• It Has Difficulties Cutting  Torpedoes And Cigars Over About 56 Ring Gauge — If you are cutting anything larger than a 56 ring gauge cigar, you are not going to have a great time. As for torpedoes, because you are limited when it comes to how much of the cigar you are cutting off, you will most likely have to cut the cap multiple times. That is not to say you can’t cut cigars with a tapered cap, but the process of cutting down a little further and a little further until you end up with the results you are looking for gets annoying quickly.
  • It Is Not Exactly Portable — While I did carry this around in my bag while I was reviewing it, for most people, this is just not going to be a portable option due to the combination of its overall size and significant weight. In fact, YouTuber Kirby Allison—who first mentioned the cutter to me and says it’s his preferred cutter—actually said he was debating bringing it over to our office but showed up without it because of how not portable the El Casco is.
  • You Can’t Accurately Gauge How Much You Are Cutting — Since the opening is closed off on the opposite end by the backplate, you can only generally tell where the blade is going to end up cutting through the cap when using the cutter in a normal manner. Having said that, if you turn the cutter 90 degrees so that the opening where the caps are ejected is facing you, it does provide more information on how much of the cap is being cut, albeit still not as exact as you would get using a simple double guillotine cutter.
  • Takes A Bit Of Practice In Order To Get Optimum Results — On one hand, the El Casco cutter has a backplate that will stop someone who has never smoked a cigar from cutting off too much, it’s likely going to take a few cuts before they get the hang of it. This means it’s probably not the best for cigar shops since that learning curve may very well lead to customers ending up with less than ideal cuts because they aren’t “flat” cuts. The cuts are technically straight as they don’t curve, but they are angled.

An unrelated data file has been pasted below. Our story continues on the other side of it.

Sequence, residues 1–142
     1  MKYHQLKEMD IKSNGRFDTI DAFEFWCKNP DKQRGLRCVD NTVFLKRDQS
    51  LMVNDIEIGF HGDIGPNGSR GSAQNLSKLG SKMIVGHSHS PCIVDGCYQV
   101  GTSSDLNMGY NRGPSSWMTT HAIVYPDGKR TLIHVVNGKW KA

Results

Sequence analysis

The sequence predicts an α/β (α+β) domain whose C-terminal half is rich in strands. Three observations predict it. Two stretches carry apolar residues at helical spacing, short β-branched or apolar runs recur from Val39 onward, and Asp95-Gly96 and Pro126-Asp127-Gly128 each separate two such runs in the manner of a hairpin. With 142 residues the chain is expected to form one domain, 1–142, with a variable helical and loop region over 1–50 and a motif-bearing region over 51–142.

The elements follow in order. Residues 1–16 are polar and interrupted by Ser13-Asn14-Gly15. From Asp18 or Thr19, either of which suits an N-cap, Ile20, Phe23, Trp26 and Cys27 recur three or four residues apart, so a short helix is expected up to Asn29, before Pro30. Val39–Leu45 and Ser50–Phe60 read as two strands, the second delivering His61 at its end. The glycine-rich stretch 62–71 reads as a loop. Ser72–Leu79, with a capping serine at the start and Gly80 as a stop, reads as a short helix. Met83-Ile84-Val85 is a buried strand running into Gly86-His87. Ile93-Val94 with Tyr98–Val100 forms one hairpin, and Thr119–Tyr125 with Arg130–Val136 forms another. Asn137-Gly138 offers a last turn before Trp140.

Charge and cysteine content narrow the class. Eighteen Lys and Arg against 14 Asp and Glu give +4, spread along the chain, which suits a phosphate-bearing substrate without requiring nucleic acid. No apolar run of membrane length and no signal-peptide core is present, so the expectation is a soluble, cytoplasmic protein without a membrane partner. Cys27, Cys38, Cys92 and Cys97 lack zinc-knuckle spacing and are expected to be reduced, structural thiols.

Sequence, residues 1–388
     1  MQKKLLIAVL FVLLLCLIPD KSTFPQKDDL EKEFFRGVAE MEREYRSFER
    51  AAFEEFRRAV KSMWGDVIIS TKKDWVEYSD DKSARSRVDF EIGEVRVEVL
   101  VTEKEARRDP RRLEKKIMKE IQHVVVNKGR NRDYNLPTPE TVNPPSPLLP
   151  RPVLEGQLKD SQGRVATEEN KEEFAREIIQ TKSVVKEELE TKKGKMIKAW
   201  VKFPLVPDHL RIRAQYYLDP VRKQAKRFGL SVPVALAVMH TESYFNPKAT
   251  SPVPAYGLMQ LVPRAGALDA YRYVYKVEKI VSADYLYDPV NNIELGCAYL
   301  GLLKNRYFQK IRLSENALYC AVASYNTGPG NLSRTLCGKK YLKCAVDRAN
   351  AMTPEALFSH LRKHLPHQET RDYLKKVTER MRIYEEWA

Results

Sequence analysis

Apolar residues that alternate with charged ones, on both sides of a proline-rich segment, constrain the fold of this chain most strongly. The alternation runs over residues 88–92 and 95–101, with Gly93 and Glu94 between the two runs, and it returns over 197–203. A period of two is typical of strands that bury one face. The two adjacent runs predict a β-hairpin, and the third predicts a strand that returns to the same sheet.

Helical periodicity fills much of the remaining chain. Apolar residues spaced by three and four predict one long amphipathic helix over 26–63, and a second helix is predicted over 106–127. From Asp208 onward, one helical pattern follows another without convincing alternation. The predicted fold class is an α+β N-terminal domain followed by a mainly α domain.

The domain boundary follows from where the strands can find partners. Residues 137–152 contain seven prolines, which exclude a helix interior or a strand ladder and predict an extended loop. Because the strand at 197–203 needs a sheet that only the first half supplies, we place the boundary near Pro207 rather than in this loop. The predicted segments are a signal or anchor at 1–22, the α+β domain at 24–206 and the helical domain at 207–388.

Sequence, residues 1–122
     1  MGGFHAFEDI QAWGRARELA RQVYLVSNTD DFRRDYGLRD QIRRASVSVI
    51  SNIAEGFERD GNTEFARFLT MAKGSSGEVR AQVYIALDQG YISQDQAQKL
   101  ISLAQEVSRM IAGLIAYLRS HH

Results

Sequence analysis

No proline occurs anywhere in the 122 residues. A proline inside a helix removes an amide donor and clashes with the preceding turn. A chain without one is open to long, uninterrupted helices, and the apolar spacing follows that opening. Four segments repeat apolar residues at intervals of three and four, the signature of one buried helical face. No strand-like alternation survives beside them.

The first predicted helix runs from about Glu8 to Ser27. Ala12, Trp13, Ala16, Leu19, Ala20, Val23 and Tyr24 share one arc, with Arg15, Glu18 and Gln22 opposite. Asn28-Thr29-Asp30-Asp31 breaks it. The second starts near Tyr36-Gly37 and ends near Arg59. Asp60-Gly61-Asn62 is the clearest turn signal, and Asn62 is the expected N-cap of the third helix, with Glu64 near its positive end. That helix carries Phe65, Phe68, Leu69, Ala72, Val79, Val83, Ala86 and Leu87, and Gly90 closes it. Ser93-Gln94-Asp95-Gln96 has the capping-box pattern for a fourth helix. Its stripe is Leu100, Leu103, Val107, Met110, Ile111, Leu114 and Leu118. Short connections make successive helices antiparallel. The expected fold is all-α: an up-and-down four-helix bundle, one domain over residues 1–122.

I can’t think of a cigar cutter that is close in design to the El Casco Cigar Cutter. But the Jetline Baron ($279.99) is an expensive and unique single guillotine cutter that isn’t portable. It features its blade attached to a plunger-like mechanism that you push down. While they don’t function the same, the real difference is that the Jetline tends to damage the caps of the cigars it is used on in various ways while the El Casco has no such issues.

Additional Competitors

  • Coltellerie Saladini 3000 Series Table Cigar Cutter ($180) — As far as other very unique and not portable single guillotine cutters, this Italian-made cutter includes two different openings, a smaller hole that cuts cigars up to 24 ring gauge and a larger opening that cuts cigars up to 52 ring gauge. The Coltellerie Saladini is both more awkward to use and not even close to as functional as the El Casco. It’s also probably more designed to cut Italian cigars than the types of cigars we typically write about on this site.
  • Colibri Quasar Desktop Cutter ($125) — If you want a well-made tabletop cutter that is both visually interesting and extremely functional, this Colibri is a bit more affordable than the El Casco and actually cuts cigars well. Notably, it includes both options for a straight cut and v-cut.
  • Table QUAD Cutter by Palío ($125) — Another option for a tabletop cutter, but features four different blades: two v-cutters that can cut up to 58 ring gauge and 52 ring gauge cigars, and two straight cutters that can cut up to 52 ring gauge and 60 ring gauge cigars.


Yes, as long as you don’t expect to carry it around in your pocket.

This cigar cutter cuts caps so consistently well that I started to get bored using it after a little while. As long as the cap is inserted into the opening somewhat correctly, the odds of you getting anything other than a sharp and clean cut are astronomically low, although it is a bit harder to get a cut that is level. Sure, there are a small number of issues—you are not going to be carrying this around in your pocket unless you are a glutton for punishment, you have to work a bit harder to compensate for the blade moving as you squeeze the handles and large ring gauge cigar smokers are pretty much out of luck—but in the end, the El Casco Cigar Cutter is not only one of the most unique cutters I have reviewed, but also performs very, very well.

Overall Score

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Brooks Whittington

I have been smoking cigars for over eight years. A documentary wedding photographer by trade, I spent seven years as a photojournalist for the Dallas Morning News and the Fort Worth Star Telegram. I started the cigar blog SmokingStogie in 2008 after realizing that there was a need for a cigar blog with better photographs and more in-depth information about each release. SmokingStogie quickly became one of the more influential cigar blogs on the internet, known for reviewing preproduction, prerelease, rare, extremely hard-to-find and expensive cigars. I am a co-founder of halfwheel and now serve as an editor for halfwheel.